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How to hike the Thorsborne Trail on Hinchinbrook Island

If you’re after an out-of-this-world hiking trip that’s as epic as they come, tackling the Thorsborne Trail on Hinchinbrook Island needs to be on your bucket list: Four days, 32 kilometres, and the adventure of a lifetime.

Hinchinbrook Island National Park is as wild as it is ancient, and – while it could be mistaken for Jurassic Park – you’ll find this World Heritage-listed wonder just 8 clicks off the coast of Cardwell, less than two hours from Townsville (or 203km south of Cairns).

Rated as one of the top 10 walks on the planet, the Thorsborne Trail is kind of a big deal. With just 40 people permitted to camp on the island at any one time, venture to Hinchinbrook and you’ll uncover a new kind of wilderness whose beauty is found in its ruggedness, seclusion and ancient allure.

Packed with towering mountains shrouded in mist, thick rainforest, cascading waterfalls, white sand beaches and adventure around every corner, this lesser-known island is just waiting to be explored.

Here’s how to hike the Thorsborne Trail over four days.

Thorsborne Trail, Hinchinbrook Island

PACK’ER UP

When you’re completely reliant on your own resources, preparation is key. Where do you even start when packing for a 32km hiking trek where you have to carry your own food, clothing and shelter for four days? We’ve got you covered. Here’s what to pack for a Hinchinbrook Island adventure.

CATCHYA CIVILSATION, HELLO HINCHINBROOK

To start your hiking expedition on Hinchinbrook Island, take a short ferry ride or private charter from Lucinda or Cardwell. The team from Absolute North Charters will sort you out, operating daily trips to both the Northern and Southern access points of the Thorsborne Trail from both towns.

DAY 1: RAMSAY BAY – NINA BAY – LITTLE RAMSAY BAY

Distance: 6.5km (allow 4.5 hours)
Water stop: 100 to 200 metres upstream of creeks at either end of Nina Bay, and the lagoon at Blacksand Beach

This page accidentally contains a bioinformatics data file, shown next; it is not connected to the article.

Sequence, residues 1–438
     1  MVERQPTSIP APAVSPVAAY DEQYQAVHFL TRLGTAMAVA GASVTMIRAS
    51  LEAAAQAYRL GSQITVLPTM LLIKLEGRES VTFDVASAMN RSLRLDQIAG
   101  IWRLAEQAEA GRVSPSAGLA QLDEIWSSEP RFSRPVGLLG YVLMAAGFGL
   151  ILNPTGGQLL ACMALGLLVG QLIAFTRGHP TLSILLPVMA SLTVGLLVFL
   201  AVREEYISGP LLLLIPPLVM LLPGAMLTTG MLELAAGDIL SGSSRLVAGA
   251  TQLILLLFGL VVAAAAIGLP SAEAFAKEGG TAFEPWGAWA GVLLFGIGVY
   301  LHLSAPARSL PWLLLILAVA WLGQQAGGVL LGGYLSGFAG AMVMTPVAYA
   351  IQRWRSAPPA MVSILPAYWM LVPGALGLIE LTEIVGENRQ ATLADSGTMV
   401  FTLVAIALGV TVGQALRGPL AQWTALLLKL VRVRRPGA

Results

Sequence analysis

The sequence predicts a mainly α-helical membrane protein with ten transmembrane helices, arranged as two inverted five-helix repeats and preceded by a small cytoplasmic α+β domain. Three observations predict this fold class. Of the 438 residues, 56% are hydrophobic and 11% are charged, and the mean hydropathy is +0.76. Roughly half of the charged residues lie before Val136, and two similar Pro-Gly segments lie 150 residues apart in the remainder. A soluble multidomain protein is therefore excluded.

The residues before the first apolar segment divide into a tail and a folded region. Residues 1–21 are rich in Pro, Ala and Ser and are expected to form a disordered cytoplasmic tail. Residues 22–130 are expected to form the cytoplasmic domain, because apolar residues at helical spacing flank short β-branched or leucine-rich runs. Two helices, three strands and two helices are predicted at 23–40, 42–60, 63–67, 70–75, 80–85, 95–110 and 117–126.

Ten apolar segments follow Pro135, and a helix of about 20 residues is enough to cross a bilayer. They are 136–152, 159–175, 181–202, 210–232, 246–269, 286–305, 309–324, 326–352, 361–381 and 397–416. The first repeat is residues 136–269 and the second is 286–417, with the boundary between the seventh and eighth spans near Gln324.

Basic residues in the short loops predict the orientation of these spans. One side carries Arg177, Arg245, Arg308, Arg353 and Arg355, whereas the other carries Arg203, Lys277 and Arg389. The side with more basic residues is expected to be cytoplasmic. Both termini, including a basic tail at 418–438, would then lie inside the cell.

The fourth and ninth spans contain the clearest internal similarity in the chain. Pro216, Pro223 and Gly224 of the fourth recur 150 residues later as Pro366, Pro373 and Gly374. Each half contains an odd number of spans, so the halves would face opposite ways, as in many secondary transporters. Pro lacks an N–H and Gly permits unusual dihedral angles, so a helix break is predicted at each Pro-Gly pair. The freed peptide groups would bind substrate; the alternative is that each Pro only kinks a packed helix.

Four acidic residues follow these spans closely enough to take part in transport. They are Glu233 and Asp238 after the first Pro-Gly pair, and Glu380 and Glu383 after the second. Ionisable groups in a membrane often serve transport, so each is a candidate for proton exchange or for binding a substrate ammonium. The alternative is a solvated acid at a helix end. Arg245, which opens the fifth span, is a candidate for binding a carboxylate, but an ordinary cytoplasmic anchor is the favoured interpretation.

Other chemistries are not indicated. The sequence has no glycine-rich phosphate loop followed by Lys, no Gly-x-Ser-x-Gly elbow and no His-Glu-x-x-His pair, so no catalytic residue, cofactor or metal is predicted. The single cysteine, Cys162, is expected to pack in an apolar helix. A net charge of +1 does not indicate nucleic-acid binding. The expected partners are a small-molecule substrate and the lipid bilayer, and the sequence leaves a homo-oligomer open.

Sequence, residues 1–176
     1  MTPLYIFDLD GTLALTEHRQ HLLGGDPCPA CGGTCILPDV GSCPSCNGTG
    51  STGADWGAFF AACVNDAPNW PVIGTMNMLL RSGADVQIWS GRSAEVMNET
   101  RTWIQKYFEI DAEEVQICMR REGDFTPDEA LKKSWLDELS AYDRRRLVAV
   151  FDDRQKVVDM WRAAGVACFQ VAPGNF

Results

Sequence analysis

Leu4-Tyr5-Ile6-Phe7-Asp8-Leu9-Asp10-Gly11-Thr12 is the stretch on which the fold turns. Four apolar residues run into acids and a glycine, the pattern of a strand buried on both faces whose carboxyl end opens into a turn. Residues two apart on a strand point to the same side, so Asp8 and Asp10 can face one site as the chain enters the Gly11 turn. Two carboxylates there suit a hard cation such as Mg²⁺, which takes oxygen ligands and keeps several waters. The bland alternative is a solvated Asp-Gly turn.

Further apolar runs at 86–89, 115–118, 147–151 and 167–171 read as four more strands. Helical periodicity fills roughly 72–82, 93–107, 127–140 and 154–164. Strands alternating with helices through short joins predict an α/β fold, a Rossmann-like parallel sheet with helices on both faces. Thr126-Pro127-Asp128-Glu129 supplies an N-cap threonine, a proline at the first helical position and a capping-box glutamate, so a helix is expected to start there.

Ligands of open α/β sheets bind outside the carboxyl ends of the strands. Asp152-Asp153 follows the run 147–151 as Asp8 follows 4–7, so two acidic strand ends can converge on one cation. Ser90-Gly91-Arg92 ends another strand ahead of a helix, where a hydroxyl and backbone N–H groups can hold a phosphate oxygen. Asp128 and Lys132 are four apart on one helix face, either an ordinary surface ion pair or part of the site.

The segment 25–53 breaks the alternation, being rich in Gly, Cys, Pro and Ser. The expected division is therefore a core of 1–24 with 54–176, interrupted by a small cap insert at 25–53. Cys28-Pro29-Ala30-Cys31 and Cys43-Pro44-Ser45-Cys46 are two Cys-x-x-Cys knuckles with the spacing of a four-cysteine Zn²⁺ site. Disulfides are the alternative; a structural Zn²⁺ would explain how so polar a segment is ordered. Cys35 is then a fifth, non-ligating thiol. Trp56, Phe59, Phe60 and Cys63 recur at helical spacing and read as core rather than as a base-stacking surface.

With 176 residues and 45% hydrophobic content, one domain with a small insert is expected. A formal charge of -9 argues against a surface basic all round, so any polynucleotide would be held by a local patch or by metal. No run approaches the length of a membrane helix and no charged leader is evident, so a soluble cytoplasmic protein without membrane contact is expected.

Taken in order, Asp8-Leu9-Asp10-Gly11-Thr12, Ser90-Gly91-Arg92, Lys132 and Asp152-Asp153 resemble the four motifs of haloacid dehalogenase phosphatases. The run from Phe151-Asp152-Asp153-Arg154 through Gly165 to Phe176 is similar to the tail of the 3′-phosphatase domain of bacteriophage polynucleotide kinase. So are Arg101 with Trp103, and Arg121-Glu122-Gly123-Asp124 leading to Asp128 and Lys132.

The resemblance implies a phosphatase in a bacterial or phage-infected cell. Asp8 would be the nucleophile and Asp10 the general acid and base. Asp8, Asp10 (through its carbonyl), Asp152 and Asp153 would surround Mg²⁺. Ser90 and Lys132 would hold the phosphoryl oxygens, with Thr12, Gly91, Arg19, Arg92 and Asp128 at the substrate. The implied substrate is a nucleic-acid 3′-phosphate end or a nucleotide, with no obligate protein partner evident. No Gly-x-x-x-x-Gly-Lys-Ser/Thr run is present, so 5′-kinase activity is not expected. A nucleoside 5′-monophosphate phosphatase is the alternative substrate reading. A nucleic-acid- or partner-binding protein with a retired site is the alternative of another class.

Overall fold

Camping & Food boxes: Little Ramsay Bay, southern side of the lagoon

HIGHLIGHTS

  • Before reaching Nina Bay – about 2km into the hike – you’ll find a rough track leading off the main trail to Nina Peak. Be sure to stop off and climb Nina Peak, you will not regret it! While this will add a few extra k’s to the day (with a pretty steep climb up top), this is the highest point between Ramsay Bay and Nina Bay, and it’s more than worth it for the spectacular view over Hinchinbrook Island. Check it out!
  • Descending into a forest of red-flowered black mangroves and spotted mangroves, you’ll reach the first of oh-so-many creek crossings. Plan your day of adventures around the tides, as it’s best to cross the creeks at low or half tide.
  • Emerging from the dense, thick rainforest, and making footprints in the white sand of Nina Bay is truly a moment to behold. From Nina Bay to Little Ramsay, you’ll be rock-hopping for a few kilometres around the rugged headland before reaching the campsite at Nina Bay.

Nina Peak, Hinchinbrook Island. Photo by @photobohemian

DAY 2: LITTLE RAMSAY BAY – ZOE BAY

Distance: 10.5km (allow 6 hours)
Water stop: Zoe Creek (600m upstream from the campsites) and Banksia Creek (100m upstream from the beach)
Camping & Food Boxes: South Zoe Bay and Banksia Bay

Little Ramsay Bay, Hinchinbrook Island. Photo by @photobohemian

 HIGHLIGHTS

  • From Little Ramsay Bay the trail proceeds south, starting with rock-hopping around the headland once more, where you’re likely to have Little Ramsay Bay to yourself.
  • Next, it’s time to take on the first (and easiest) of many running creek crossings! Pro-tip: They say hindsight is 20-20, and they’re not wrong! We did the hard (wet) yards barefoot, so you don’t have to. Pro-top: Pack reef shoes, and keep these accessible on your pack to change into for creek crossings. You will not regret this.
  • The hike to Zoe Bay is wet, swampy, a helluva lot of fun and more than worth it for what’s waiting for you at the end of this day. Say, g’day to Zoe Falls! Once arriving into camp, venture to Zoe Falls for an arvo swim – it’s just 450-metres from the campsite, so ditch your pack and cool off in the refreshing waters of this Hinchinbrook beauty. Sit quietly and peacefully in the falls, and you’ll be greeted by the curious jungle perch and yabbies who call Zoe Falls home. At low tide, keep your eyes peeled for armies of small, blue soldier crabs on the sand flats near the mouth of South Zoe Creek.
Zoe Falls, Hinchinbrook Island

Zoe Falls, Hinchinbrook Island. Photo by @photobohemian

DAY 3: ZOE BAY – MULLIGAN FALLS

Distance: 7.5km (allow 4.5 hours)
Water stop: Zoe Creek (600m upstream from the campsites) and Banksia Creek (100m upstream from the beach)